Germany 2016: 11 times around the world

How do you get international visitors to come to Germany? Ideally, approach them in their home countries. Messe Düsseldorf’s drupa team has been doing just that since September.

The strongest foreign visitor contingent at the last edition of drupa fair in Düsseldorf four years ago came from India. (Photo: Messe Düsseldorf, Constanze Tillmann)
The strongest foreign visitor contingent at the last edition of drupa fair in Düsseldorf four years ago came from India. (Photo: Messe Düsseldorf, Constanze Tillmann)

The world’s largest printing industry fair is scheduled for 31 May to 10 June 2016. Preparations started up in earnest over two months ago. Presentations, press conferences and meetings with the trade press have since been held in Asia, Europe and the US. Over 40 drupa events of all kinds are taking place around the world, on every continent, until well into February 2016. So the drum is being well and truly banged internationally. Messe Düsseldorf also wants to inform people about the latest trends and innovations. The activities range from smaller meetings with experts and the press to all-day industry workshops and presentations to audiences of several hundred. “Our communications and marketing mix consists of ads, mailings, online campaigns, sponsorship activities, PR and press work,” says drupa director Sabine Geldermann. “The world tour has a central role to play in this. We make direct contact with potential visitors and those who are key to promoting the event in order to give them the latest at first hand.”

A further benefit of these activities is the feedback they provide. In a direct exchange you can sound out where people’s specific interests and needs lie. By the time they finish their world tour, the drupa ambassadors will have flown about 440,000 km – equivalent to almost 11 times around the world. Almaty in Kazakhstan, where a print promotion workshop is being held, is a recent addition to drupa’s world map. The most distant destination is Auckland in New Zealand, around 18,000 km from Düsseldorf on the other side of the world. International activities like this are an important way to tap new markets, as well. While typical buyer markets such as Germany or the US have been plagued by crises in the last ten years, others are emerging. The biggest contingent of visitors from abroad at the last drupa, four years ago, came from India. Around 15,000 buyers travelled from the subcontinent. This gives an indication of where the potential lies for the printing industry in the future (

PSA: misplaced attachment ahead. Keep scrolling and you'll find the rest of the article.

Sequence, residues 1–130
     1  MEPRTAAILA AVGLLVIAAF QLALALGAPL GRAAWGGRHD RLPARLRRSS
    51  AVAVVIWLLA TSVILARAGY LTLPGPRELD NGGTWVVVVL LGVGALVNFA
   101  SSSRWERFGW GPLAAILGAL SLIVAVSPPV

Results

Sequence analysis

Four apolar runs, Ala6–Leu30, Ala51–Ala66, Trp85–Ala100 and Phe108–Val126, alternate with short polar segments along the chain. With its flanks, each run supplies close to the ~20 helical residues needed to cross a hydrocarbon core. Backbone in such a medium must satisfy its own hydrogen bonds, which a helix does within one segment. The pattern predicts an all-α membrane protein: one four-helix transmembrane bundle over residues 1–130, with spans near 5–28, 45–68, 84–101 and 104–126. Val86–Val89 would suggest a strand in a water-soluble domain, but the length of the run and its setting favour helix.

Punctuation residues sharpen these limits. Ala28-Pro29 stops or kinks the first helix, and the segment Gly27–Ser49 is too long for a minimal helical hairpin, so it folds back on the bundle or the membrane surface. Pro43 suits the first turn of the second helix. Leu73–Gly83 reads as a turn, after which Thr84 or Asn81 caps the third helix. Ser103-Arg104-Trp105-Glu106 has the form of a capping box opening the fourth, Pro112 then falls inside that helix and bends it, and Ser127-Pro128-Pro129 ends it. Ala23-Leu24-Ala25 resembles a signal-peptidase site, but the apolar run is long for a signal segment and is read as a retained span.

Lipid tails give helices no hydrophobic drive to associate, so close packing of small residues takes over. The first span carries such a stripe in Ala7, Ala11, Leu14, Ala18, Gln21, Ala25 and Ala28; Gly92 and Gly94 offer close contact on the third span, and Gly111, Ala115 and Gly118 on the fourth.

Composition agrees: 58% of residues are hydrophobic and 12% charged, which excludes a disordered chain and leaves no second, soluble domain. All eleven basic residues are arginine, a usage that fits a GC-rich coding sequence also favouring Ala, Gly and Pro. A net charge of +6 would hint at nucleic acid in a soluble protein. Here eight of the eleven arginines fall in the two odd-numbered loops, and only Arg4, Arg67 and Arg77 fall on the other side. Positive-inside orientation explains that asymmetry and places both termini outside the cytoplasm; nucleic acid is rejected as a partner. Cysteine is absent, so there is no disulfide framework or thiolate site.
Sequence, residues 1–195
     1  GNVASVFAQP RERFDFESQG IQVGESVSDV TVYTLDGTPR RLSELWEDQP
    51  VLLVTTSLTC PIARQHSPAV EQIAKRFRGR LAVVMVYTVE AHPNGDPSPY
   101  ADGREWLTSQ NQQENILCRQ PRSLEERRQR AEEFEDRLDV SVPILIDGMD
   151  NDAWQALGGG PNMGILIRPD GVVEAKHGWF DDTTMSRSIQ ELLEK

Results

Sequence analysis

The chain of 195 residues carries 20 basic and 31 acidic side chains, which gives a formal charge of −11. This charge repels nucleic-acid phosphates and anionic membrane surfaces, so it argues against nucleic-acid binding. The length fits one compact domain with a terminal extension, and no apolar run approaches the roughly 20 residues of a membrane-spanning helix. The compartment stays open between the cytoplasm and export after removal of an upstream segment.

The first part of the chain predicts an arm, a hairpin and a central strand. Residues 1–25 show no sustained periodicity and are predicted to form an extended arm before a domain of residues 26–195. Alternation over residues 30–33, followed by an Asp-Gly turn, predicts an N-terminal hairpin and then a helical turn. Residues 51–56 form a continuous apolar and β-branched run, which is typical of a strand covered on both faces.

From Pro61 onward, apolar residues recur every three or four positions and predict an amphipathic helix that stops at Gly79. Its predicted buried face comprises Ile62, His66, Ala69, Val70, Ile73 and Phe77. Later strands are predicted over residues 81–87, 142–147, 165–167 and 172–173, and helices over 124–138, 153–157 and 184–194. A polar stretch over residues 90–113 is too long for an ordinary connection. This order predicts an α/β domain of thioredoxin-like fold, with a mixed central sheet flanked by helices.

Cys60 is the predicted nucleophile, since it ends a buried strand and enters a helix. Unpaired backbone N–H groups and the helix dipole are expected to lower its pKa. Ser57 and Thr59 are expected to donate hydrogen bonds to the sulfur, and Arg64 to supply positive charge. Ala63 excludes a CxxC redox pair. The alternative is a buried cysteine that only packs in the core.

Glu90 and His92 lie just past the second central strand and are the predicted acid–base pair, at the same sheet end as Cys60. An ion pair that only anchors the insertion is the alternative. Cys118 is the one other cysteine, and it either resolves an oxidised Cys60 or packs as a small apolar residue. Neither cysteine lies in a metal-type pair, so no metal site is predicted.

Hanover: hall to be set aside for refugees until March 2016

Wolfram von Fritsch (Photo: Deutsche Messe)
Wolfram von Fritsch (Photo: Deutsche Messe)

Like other German trade fair companies, Hanover-based Deutsche Messe is helping to provide accommodation for refugees. The company is providing an exhibition hall from the beginning of December until mid-March 2016, shortly before CeBIT. “We see, of course, how Hanover is continuing to struggle to cope with the high numbers of refugees,” argues Wolfram von Fritsch, chairman of Deutsche Messe’s managing board. “And we like to help where we can.” “We have managed to make Hall 27 available continuously for a period of over three months.” This will give the refugees accommodation over the winter months, regardless of the weather. To make this happen, Deutsche Messe had to negotiate intensively with its partners. It wasn’t easy, because originally the company didn’t have a hall continuously available for such a long period. “We found our customers to be very understanding of the situation,” says von Fritsch. All those affected have now agreed to their events being moved to a different part of the site. “We are delighted to be able to help the city of Hanover again,” adds the trade fair boss. In the summer the company made Hall 21 available as refugee accommodation. Deutsche Messe staff demonstrated great solidarity with the refugees, bringing clothing, bicycles and footballs to the collection centre set up for the purpose. Some provided language classes in their free time, and private contacts also developed. One group of refugees produced a large painting and presented it to the hall inspector on their departure. The painting now adorns the entrance foyer of the office block at the north entrance (

Author: Peter Borstel

This article was published in TFI issue 6/2015


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